A teenage boy in Kaohsiung was diagnosed with stage three bowel cancer on Wednesday, which doctors attributed to a lack of exercise and poor diet.
The Formosa Cancer Foundation on Wednesday also reported that recent interviews found that 80 percent of patients with bowel cancer frequently had late-night snacks and often stayed up late.
Poor habits are hard to avoid in modern society, particularly given the heavy demands placed on many Taiwanese workers, who are often required to work overtime.
An article posted on Web site livestrong.com on Oct. 3 last year suggested that “junk food” has a comforting effect on the reward center of the brain, which is why people seek out unhealthy snacks when they are dealing with stress and anxiety.
This reward-seeking behavior is further exacerbated when dealing with a lack of sleep, the article said.
In Taiwan, such habits begin early, as high demands are placed on children from a young age. They are often sent to cram schools after regular classes and are required to pass demanding examinations to enter good secondary schools and universities.
The nation’s elementary schools have long banned sugary drinks, and in October last year, the Ministry of Education moved to ban sugary drinks from junior and senior-high schools as well. However, the school system is ultimately limited in its ability to control students’ habits.
Chinese Nationalist Party (KMT) Legislator Chiang Nai-hsin (蔣乃辛), who proposed the blanket ban on sugary drinks in schools, said that about 29 percent of grade-school children are considered obese.
One reason might be that many students eat off-campus, bring packed lunches from home or frequent the popular beverage shops that abound near many schools. Students are generally also spending more time playing video games on mobile devices and less time doing physical exercise.
The Health Promotion Administration in December identified cancer as the leading cause of death in the nation, with colon cancer at the top of the list. One person is diagnosed with cancer every five minutes, it said.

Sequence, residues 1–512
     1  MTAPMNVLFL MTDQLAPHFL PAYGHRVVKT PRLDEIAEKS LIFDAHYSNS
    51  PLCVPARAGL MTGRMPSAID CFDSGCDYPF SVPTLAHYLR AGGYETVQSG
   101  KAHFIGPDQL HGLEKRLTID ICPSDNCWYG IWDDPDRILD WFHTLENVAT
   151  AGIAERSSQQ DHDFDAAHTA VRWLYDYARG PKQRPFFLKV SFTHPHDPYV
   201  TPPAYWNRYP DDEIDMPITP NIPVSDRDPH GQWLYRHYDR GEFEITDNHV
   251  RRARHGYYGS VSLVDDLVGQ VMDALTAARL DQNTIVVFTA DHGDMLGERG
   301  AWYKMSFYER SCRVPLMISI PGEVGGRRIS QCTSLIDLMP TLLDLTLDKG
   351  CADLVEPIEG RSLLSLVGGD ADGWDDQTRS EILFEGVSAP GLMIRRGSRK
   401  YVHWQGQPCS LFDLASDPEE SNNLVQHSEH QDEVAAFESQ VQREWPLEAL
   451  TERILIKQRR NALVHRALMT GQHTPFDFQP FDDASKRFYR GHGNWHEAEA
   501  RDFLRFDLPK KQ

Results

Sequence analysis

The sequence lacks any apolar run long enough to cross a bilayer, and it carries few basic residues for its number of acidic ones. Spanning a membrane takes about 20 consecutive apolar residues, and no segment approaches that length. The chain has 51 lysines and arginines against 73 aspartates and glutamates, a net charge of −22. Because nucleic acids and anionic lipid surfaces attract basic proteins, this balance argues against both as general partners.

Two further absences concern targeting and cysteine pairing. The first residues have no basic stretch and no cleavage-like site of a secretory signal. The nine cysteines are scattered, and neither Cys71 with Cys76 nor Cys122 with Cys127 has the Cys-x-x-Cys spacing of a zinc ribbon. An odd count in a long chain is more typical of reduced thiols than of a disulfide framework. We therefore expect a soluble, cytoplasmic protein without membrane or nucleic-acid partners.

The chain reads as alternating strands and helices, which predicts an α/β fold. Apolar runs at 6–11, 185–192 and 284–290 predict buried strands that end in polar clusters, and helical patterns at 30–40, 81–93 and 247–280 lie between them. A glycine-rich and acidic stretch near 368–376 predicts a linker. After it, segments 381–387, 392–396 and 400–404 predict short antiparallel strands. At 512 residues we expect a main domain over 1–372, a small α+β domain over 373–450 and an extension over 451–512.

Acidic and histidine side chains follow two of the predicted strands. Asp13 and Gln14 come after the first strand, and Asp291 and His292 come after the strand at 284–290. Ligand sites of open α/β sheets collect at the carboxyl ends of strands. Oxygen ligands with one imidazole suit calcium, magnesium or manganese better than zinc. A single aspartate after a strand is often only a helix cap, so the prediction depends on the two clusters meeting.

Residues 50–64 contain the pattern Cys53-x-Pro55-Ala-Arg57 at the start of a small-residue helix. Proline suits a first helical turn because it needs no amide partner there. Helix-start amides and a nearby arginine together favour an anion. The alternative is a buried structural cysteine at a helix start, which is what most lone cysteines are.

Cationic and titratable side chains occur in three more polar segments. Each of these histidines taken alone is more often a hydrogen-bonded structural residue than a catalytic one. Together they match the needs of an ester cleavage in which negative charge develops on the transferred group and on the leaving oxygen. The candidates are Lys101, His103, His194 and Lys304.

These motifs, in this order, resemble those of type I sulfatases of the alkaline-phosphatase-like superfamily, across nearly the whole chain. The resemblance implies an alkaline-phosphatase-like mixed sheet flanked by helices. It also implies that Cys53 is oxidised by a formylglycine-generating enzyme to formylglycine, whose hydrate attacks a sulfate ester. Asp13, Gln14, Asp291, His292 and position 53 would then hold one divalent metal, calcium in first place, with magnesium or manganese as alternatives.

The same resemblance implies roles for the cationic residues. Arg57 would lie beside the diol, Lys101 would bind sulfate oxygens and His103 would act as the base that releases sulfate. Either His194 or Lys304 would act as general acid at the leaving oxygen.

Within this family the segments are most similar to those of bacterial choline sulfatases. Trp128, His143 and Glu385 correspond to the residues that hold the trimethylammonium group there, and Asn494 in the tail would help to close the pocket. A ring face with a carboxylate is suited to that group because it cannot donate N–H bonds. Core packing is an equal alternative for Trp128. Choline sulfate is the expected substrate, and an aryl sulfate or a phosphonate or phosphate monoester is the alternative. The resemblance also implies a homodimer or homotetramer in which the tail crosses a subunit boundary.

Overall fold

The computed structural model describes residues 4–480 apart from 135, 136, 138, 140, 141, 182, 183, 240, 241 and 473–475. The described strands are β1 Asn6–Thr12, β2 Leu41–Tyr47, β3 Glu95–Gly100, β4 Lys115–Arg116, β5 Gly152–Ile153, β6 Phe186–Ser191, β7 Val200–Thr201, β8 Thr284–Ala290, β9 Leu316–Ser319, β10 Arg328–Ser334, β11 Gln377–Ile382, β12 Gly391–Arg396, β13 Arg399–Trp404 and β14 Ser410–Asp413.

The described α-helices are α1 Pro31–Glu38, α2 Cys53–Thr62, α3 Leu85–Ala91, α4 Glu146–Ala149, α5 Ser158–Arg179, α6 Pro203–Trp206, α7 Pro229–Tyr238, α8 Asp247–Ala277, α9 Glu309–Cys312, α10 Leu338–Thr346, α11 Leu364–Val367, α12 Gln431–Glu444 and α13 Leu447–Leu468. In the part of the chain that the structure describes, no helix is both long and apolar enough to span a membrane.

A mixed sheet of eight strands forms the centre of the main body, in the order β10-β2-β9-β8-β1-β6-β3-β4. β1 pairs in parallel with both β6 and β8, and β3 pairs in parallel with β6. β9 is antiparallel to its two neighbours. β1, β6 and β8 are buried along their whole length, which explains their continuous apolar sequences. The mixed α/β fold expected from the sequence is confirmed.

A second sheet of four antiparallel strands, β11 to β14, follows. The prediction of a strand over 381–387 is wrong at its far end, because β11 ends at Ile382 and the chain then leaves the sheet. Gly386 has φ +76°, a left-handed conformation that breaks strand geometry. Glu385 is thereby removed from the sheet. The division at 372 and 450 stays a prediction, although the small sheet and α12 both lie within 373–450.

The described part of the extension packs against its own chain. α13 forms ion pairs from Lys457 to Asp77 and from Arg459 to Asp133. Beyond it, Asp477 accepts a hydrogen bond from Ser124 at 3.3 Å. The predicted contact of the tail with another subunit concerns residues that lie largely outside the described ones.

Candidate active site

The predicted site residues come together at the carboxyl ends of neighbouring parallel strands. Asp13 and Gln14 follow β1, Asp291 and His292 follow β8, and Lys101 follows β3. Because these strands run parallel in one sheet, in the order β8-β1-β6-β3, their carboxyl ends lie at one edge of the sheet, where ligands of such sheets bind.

Parents might even be unintentionally contributing to the development of cancer in their children, as some commonly consumed foods such as cured meats and pickled vegetables might cause cancer if eaten often, Taiwan Society for Chest Care chairman Lee Chang-ming (李章銘) said in November.
Smoking and alcohol consumption are also leading contributors, and while children are unlikely to engage in those activities, developing poor habits when one is young is likely to lead to other poor habits in adulthood.
Should parents be held responsible for their children’s obesity and unhealthy behavior? The impulse might be to say “yes,” but the issue is more complicated than that. Parents could be quite busy and might struggle with their own unhealthy habits. These days, both parents often work, and neither has the time to cook meals at home.
Nevertheless, obesity is becoming an epidemic and something must be done to tackle it. The WHO has identified childhood obesity as one of the most serious public health threats of the 21st century. The number of obese children today is roughly double the number in 1980, WHO statistics show.
One thing parents can do is teach their children about nutrition and make them aware of the salt and sugar levels in “convenient” foods. Even convenience stores have healthy options, such as salads, fruit, unsalted nuts, low-sugar yogurts and eggs, and children can choose unsweetened bottled tea or low-sugar soy milk instead of carbonated sodas or juices.
Parents should also try to reduce their children’s study load and look at sports as an extracurricular option, instead of indoor activities. Parents might be busy, but they should nurture health-conscious children.
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